BOSTON (CBS/AP) — Gov. Charlie Baker signed police reform legislation into law on Thursday after months of back-and-forth with Massachusetts lawmakers.
Last week, Baker sent the original bill approved by the House and Senate back to the chambers for revisions. The final version he signed bans chokeholds and establishes a civilian-led commission to certify and decertify police officers.
Training oversight will remain within a committee under the Executive Office of Public Safety.
The law requires officers to intervene if they see another officer using excessive force, bars officers from shooting into a fleeing vehicle unless doing so is necessary to prevent imminent harm, and strictly limits the use of rubber pellets, chemical weapons or dogs against a crowd. It also limits the use of no-knock warrants, requiring that they be issued by a judge and only when an officer’s safety would be at risk.
The legislation is in part a response to statewide demonstrations following the May 25 killing of George Floyd, a Black man, by a white Minneapolis police officer.
“This bill is the product of bipartisan cooperation and thanks to the Black and Latino Caucus’ leadership on the hugely important issue of law enforcement accountability, Massachusetts will have one of the best laws in the nation,” Baker said in a statement. “Police officers have enormously difficult jobs and we are grateful they put their lives on the line every time they go to work. Thanks to final negotiations on this bill, police officers will have a system they can trust and our communities will be safer for it.”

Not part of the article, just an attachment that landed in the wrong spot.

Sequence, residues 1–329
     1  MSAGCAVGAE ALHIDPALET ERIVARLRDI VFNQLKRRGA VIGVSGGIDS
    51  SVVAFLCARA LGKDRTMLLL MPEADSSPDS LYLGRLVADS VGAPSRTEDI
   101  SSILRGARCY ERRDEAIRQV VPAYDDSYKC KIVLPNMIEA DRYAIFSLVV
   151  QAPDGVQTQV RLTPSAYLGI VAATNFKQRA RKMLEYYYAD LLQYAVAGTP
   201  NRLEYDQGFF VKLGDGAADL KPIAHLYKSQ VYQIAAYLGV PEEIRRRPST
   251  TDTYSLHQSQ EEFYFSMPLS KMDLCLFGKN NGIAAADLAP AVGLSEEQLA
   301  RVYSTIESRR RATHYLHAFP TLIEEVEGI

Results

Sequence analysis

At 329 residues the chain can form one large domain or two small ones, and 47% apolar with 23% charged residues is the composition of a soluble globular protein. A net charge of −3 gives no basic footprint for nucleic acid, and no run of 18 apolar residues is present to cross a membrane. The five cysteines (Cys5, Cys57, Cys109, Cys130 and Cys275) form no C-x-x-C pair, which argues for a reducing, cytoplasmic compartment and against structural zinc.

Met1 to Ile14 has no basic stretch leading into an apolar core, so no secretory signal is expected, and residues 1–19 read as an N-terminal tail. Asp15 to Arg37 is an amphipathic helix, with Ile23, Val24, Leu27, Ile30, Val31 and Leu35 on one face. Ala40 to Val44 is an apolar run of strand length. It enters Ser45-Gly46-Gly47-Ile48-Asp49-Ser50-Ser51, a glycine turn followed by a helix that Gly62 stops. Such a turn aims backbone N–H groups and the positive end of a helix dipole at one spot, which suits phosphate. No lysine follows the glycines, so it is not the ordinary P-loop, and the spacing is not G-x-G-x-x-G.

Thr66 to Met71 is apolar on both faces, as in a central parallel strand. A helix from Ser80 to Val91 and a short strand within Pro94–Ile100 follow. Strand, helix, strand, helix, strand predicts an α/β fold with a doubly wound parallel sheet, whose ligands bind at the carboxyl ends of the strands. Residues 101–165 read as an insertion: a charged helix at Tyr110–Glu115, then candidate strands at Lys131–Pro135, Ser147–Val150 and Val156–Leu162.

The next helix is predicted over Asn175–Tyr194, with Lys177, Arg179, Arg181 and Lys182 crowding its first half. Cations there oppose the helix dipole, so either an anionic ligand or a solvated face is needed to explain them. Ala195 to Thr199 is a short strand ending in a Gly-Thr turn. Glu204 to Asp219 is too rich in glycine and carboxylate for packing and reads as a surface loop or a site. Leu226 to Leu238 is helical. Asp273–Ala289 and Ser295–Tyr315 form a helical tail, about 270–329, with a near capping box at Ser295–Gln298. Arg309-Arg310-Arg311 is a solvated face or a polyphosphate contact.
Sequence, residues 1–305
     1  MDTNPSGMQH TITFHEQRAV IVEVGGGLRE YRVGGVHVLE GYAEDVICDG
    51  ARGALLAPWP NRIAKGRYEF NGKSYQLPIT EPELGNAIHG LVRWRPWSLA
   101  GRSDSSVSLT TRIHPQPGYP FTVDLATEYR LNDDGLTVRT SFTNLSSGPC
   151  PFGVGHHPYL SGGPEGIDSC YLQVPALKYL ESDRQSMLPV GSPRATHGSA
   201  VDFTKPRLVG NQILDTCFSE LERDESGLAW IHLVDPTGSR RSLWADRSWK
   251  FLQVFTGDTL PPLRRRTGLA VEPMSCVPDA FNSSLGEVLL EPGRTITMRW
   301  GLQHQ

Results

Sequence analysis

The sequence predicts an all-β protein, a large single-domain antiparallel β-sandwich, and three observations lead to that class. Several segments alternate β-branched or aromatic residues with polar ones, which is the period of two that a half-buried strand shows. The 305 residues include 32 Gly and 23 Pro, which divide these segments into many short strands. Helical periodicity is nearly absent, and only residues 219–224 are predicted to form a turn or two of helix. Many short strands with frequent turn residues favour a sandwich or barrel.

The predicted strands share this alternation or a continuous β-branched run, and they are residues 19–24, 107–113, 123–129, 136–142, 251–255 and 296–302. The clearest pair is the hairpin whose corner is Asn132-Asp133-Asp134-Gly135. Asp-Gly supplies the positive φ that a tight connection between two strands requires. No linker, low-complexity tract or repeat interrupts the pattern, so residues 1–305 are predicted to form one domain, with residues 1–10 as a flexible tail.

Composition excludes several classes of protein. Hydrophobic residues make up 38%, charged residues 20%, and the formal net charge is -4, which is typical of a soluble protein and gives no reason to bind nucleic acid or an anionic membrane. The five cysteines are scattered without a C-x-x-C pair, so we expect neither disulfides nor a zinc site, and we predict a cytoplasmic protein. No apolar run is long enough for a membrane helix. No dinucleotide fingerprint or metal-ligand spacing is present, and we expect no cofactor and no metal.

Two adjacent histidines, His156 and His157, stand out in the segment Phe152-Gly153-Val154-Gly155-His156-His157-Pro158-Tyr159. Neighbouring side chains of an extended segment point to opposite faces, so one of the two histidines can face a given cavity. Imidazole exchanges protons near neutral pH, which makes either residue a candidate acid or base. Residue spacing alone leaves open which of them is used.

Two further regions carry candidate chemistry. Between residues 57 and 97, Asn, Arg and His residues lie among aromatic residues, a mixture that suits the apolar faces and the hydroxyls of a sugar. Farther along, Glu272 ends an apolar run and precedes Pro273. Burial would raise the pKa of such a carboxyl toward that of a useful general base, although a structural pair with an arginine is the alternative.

The ACLU also reacted to the signing.
“Months after protests erupted across Massachusetts and the nation in response to the police killings of George Floyd, Breonna Taylor, and others, Massachusetts has taken a crucial first step toward police reform,” ACLU of Massachusetts Executive Director Carol Rose said in a statement. “This new law acknowledges the growing public movement to end policing as usual.”
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